Self-Care

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When you hear self-care, what do you think of it? How do you take care of yourself? How do you define self-care?

Are you thinking of bubble baths or long walks in the quiet woods?

Sure, self-care can look like that.

But, self-care can come in different ways.

Before we go any further, write down the top ten ways you practice, or want to practice, self-care for yourself.

Make a simple list in your journal.

Don’t stress out about it.

Jot a few things down and let it go.

Now, let’s talk about other forms of self-care.

Self-care can look like drinking plenty of water every day. It can be eating healthy, avoiding trigger foods, or even simply emptying the sink after you eat a meal.

Self-care can be what you put on in the morning, your clothes, your outfit. It can be wearing make-up. Self-care can be not just getting a manicure or pedicure; it can be keeping your nails looking nice between salon visits. It can be doing your hair, even if that entails nothing more than running a brush or comb through it once a day. Self-care can be putting your hair up at night or wearing a sleep cap to protect your hair while you sleep.

Self-care can be buying that pretty journal and sweet little pen, but it is also using that journal and pen to keep track of your thoughts on a daily basis or to track what you do every day.

Self-care can be vacuuming your living room. Self-care can be sewing up some pillowcases for your bed pillows that make you think happy thoughts. Self-care can be donating your time to a cause you truly believe in and want to support.

Self-care can take the form of reading a book for ten minutes a day. It can be knitting or crocheting for a few minutes, or a few rows, every day.

Self-care can be cleaning out your closet and getting rid of everything that makes you feel less than thrilled about yourself. Self-care can be skipping the ultra high heels to wearing flats instead so that you are comfortable.

Self-care can look like not wearing your grandmother’s favorite pin, but just pulling it out of the drawer where you keep it wrapped up and hidden most of the time so you can touch it and think of her every now and then.

Self-care can be wearing a certain perfume, even when you are alone because it reminds you of something or someone that makes you happy. Self-care can be the bar of soap you wash with, the scent of your laundry detergent, or the type of potpourri/incense that you use around your home.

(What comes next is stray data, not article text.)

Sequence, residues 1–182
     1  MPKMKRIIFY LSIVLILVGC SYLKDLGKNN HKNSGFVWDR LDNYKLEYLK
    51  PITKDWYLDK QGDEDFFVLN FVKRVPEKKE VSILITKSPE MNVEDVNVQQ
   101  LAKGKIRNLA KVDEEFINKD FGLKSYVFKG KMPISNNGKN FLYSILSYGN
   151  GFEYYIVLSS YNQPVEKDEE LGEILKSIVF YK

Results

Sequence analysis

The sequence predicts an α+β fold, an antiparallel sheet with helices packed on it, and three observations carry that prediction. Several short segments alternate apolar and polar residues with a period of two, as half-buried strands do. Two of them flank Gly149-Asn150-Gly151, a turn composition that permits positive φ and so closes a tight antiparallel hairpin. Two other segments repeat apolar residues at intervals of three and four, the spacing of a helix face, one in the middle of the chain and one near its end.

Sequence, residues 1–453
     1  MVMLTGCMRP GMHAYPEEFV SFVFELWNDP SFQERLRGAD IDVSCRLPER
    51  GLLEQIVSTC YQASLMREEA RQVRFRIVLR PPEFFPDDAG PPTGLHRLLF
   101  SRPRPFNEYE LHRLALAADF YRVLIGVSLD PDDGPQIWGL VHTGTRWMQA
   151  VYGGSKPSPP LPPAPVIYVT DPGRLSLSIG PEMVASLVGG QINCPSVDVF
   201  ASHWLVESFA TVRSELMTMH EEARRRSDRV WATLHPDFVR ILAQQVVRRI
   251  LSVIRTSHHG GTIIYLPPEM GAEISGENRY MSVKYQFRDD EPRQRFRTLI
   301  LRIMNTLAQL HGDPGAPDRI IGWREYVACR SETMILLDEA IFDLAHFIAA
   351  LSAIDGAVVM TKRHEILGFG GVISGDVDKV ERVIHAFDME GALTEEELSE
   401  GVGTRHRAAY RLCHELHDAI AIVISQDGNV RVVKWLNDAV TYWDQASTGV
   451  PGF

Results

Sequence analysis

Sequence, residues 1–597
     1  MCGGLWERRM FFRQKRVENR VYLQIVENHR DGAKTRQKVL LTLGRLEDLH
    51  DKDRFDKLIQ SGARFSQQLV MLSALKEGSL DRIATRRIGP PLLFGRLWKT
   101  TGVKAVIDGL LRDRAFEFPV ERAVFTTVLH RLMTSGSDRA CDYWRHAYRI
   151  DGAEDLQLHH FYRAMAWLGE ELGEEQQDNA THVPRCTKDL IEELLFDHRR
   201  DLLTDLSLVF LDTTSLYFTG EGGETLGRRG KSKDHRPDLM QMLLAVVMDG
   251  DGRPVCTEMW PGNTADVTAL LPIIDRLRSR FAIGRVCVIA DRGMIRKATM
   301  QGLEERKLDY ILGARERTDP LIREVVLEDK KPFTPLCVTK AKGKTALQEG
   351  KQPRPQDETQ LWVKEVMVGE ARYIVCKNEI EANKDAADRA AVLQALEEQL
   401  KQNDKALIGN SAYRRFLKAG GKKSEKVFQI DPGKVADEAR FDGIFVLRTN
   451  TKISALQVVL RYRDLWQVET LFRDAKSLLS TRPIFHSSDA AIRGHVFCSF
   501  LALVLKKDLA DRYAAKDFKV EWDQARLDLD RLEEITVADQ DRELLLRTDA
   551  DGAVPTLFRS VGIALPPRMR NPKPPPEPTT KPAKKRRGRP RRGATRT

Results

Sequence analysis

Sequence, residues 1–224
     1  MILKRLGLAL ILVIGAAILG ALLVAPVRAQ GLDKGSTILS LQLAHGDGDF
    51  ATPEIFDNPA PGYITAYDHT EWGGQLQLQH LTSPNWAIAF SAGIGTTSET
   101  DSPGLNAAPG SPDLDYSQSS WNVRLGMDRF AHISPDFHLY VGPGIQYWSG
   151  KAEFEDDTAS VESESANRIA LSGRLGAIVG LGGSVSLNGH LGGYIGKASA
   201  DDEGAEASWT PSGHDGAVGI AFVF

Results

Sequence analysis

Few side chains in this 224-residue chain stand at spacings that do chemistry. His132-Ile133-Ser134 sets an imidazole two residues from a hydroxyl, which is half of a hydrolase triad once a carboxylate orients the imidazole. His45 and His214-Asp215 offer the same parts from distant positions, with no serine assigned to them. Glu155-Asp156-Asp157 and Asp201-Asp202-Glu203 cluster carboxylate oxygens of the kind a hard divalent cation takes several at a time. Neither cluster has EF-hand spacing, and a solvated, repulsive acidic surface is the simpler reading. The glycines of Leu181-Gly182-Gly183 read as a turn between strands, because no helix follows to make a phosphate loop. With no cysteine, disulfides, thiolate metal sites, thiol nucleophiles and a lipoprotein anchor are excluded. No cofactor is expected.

Self-care can look like eating a chocolate bar even though you are on a strict no-sugar diet because you had a rough day and need a treat…or because you finished a big project and you need a reward, a little treat.

Self-care can look like so many little things that we can overlook or not even think of as self-care. It can be things we do every day and we never give a second thought to, like what we wear every day, whether we go into the office or stay home on the couch all day.

Now, take your journal back out. Make another list of ten things you can do, or want to do, to take care of yourself.

How are the lists the same? How are they different?

Do you still think you want to use everything on both lists?

What other ideas do you have now that you have seen a different side of self-care? What things do you want to incorporate into your daily routine?

Take your planner out or your monthly calendar and write in one single small way you will practice self-care every single day for a month.

It can be all of the same thing. For example, I will braid my hair every single day of the month. Or, maybe you will wear your watch every day for a month. Maybe you will wear a dress every day. Or flats every day. Maybe you will use that certain perfume that you normally save only for special occasions. Or volunteer at the animal shelter.

You can also take a long hot bubble bath every day. Or go for a walk in the woods. You can sit on the couch and read while eating chocolates for hours at a time if that is what lights you up.

Keep track of how well you stick to your choice for a month. This way, you will be able to see, after the month is over, if you want to continue doing this or maybe you want to change it up to something different. Maybe you want to wear slacks throughout the week, but only on the weekends will you make a real effort with your hair. Maybe you want to exercise three days a week, while you also go for weekly manicures. Whatever combination you want to try, try it out.

Journal about how these activities make you feel. Anything that comes up during the process, be it good or bad, so you can track how the experience makes you feel.

Do things that make you feel good about yourself. Leave the rest by the wayside.